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Homeowner sues, faces foreclosure over massive HOA fine: ‘It has been terror’

“This sounds like a simple fix with all fines and fees waived.”

"This sounds like a simple fix with all fines and fees waived."

Photo Credit: iStock

Redditors were shocked by the story of Jennifer Jackson, a condo owner in Charlotte, N.C., who was fined over $18,000 and threatened with foreclosure — all for a leak that was the homeowners association’s responsibility to fix.

The Charlotte Observer covered the story, interviewing Jackson, who had been fighting the fines since 2018. “It has been terror,” she told the publication.

Jackson had lived in her condo for 11 years when she got a notice about a leaky AC unit in July 2018. Professional inspections revealed that the air conditioner itself was fine but that a drain pipe — which was supposed to be maintained by the HOA — was leaking on the unit below.

Nevertheless, the HOA began to fine Jackson $100 per day for an issue she had no responsibility or authority to fix.

In much of the United States, HOAs have the power to levy fines over even minor infractions like weeds or the wrong color of paint. Once those fines have built up enough, the HOA can place a lien on a home — the first step toward foreclosure.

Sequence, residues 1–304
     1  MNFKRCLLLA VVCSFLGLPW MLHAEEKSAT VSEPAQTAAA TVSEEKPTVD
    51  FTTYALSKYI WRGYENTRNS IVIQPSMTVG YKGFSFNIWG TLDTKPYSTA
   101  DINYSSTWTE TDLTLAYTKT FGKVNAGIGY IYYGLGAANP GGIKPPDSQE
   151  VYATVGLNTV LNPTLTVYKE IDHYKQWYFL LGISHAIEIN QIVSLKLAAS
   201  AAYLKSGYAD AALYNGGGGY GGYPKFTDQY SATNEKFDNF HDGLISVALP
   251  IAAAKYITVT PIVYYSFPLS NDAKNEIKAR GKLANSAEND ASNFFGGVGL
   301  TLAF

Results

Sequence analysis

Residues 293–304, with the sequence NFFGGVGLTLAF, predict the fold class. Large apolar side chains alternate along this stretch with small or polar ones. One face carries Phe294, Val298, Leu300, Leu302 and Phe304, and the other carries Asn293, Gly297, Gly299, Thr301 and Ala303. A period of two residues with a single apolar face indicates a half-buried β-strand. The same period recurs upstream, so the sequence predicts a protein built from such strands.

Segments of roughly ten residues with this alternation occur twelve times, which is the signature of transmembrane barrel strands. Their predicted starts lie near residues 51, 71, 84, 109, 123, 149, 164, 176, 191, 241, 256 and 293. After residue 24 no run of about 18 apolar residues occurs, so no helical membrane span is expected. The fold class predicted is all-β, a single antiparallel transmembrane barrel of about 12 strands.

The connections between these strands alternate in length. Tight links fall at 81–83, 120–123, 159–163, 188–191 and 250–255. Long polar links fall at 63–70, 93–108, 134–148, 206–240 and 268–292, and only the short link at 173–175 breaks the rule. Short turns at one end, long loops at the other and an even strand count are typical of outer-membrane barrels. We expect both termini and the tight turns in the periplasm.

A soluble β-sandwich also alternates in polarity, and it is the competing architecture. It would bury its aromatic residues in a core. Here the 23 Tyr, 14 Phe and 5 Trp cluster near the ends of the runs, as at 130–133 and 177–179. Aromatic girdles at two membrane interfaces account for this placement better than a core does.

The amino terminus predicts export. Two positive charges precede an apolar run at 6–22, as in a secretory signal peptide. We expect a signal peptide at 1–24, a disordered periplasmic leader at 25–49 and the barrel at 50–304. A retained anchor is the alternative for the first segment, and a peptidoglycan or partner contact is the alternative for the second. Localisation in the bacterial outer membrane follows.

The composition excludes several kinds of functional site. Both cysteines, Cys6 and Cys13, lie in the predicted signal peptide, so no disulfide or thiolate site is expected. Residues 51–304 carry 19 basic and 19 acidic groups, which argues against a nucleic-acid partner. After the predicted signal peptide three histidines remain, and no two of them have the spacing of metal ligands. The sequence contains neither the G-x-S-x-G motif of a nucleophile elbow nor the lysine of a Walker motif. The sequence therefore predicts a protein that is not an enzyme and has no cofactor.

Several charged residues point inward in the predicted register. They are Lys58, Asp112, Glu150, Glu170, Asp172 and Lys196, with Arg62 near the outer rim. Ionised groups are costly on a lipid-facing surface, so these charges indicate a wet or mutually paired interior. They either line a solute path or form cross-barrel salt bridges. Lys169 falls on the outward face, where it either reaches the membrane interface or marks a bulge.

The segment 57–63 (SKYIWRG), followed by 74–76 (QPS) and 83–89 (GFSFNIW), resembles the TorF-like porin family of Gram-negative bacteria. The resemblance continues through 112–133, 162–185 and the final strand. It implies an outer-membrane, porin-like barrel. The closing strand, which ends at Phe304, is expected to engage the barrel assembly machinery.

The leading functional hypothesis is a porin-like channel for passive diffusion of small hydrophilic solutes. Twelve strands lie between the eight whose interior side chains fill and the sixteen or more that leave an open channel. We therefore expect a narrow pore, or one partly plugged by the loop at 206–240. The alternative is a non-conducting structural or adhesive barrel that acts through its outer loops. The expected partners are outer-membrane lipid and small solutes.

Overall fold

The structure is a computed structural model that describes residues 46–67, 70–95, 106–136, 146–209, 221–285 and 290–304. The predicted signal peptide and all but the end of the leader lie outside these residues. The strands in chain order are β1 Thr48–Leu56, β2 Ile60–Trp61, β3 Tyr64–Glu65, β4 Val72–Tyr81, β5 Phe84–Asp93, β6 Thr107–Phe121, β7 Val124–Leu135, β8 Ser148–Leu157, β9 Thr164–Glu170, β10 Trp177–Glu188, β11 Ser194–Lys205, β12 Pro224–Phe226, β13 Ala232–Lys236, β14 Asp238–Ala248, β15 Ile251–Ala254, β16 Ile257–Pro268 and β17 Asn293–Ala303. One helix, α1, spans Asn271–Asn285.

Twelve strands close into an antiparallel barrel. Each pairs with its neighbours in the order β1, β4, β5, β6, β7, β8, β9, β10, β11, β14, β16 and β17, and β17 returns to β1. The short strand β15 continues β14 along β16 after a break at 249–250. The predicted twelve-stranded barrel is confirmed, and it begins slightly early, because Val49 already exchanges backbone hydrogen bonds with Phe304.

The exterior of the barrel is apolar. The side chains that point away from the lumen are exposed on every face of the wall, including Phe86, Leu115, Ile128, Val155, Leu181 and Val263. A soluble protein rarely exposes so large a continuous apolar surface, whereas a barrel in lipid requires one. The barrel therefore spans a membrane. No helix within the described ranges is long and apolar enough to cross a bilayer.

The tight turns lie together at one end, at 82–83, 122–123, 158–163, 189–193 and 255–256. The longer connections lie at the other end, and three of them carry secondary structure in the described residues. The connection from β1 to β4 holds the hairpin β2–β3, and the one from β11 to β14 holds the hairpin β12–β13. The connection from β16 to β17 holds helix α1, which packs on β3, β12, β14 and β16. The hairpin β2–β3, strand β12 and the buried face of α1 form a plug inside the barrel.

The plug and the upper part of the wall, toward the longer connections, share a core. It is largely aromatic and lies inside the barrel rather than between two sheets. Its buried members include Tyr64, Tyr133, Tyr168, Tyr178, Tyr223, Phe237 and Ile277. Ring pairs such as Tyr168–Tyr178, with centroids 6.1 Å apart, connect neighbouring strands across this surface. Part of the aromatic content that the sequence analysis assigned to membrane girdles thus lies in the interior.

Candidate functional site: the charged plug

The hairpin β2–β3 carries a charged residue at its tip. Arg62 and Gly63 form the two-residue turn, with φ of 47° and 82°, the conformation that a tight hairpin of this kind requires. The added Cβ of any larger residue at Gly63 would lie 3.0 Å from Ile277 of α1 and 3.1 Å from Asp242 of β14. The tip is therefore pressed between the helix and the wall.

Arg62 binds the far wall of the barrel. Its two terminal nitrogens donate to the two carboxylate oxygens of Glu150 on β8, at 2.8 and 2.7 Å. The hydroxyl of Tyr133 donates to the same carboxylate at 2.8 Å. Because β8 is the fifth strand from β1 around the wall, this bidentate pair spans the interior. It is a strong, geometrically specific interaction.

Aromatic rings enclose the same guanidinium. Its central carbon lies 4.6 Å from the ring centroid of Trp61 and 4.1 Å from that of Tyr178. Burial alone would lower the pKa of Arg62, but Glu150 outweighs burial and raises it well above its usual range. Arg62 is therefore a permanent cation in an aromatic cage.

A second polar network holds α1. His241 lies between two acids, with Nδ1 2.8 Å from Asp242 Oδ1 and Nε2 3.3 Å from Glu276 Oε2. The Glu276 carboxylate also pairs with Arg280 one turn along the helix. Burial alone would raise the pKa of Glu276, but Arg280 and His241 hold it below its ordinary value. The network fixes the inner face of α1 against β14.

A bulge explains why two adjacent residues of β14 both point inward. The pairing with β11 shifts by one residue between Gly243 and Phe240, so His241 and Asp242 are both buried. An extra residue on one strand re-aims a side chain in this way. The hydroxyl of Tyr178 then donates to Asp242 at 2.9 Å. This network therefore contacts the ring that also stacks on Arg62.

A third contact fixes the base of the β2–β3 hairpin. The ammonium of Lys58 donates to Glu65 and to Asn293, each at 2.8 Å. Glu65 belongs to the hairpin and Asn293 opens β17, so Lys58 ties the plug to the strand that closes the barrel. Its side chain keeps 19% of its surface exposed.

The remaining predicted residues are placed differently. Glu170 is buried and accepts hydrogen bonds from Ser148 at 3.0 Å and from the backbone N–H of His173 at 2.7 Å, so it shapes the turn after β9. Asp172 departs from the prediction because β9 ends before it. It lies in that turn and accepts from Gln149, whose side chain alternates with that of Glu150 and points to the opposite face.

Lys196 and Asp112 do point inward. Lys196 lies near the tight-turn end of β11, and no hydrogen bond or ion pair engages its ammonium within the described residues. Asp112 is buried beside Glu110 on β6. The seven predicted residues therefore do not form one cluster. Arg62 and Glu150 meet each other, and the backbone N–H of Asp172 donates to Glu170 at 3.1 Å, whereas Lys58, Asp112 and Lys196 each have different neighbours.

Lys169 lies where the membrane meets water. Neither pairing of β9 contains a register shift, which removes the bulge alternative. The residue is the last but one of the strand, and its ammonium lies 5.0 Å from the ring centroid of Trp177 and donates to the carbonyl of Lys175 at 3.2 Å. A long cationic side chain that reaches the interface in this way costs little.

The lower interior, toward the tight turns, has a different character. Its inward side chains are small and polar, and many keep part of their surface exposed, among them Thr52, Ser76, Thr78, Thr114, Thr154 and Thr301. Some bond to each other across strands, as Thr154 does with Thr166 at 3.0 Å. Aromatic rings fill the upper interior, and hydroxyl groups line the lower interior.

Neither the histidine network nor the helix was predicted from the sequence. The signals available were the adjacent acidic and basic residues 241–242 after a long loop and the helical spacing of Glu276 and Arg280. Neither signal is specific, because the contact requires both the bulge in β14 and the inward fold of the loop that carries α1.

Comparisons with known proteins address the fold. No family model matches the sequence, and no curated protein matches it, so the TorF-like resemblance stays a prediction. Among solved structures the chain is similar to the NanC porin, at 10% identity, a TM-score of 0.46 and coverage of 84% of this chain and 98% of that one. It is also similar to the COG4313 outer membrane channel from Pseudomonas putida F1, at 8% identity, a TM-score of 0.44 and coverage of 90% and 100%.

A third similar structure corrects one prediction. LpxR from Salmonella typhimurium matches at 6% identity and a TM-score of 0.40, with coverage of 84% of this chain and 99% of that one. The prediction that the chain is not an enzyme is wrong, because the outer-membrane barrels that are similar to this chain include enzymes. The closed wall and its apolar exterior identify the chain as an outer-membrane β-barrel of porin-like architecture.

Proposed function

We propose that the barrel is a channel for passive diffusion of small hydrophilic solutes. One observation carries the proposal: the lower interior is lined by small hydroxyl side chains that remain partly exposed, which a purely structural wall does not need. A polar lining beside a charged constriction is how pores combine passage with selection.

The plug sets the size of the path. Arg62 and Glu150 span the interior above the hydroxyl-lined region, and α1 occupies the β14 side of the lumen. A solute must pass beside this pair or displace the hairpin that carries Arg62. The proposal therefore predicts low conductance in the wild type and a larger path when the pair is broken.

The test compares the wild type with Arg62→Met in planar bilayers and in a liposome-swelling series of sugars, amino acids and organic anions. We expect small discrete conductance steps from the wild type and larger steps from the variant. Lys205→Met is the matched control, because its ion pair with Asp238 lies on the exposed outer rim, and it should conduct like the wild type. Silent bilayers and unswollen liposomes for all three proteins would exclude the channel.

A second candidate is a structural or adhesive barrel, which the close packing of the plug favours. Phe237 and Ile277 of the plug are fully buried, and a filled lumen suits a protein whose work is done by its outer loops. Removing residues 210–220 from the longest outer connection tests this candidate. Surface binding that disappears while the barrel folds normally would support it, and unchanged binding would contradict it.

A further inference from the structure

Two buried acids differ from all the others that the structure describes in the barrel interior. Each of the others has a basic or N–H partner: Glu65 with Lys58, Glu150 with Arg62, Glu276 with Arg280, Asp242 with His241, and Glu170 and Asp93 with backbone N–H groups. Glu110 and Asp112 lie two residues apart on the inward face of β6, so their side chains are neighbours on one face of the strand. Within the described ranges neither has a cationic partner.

Some states have laws protecting residents from this. But in others, owners have had their houses sold from under them — sometimes for pennies on the dollar and without receiving a cent themselves.

When the HOA is the one at fault for a maintenance issue, however, it can be much harder to hold them accountable — even when they’re costing residents money and damaging the home and the environment by wasting water. Residents may need to change HOA rules or resort to legal action to see any relief.

In Jackson’s case, the HOA tried to foreclose on the condo. Jackson had no choice but to pay over $19,000 to prevent foreclosure and then try to recover the money through a lawsuit that was still ongoing.

“We did that in an effort to motivate her to fix the problem,” said Fred Ervin, president of the HOA board, when the Charlotte Observer asked him about the outrageous fine.

Commenters were horrified at how far the case had spiraled. “This sounds like a simple fix with all fines and fees waived,” said one user. “Get in touch with the HOA attorney, set up a meeting, bring all of the paperwork you have that shows what went on, … demand that that board president and/or the property manager be in attendance of said meeting.”

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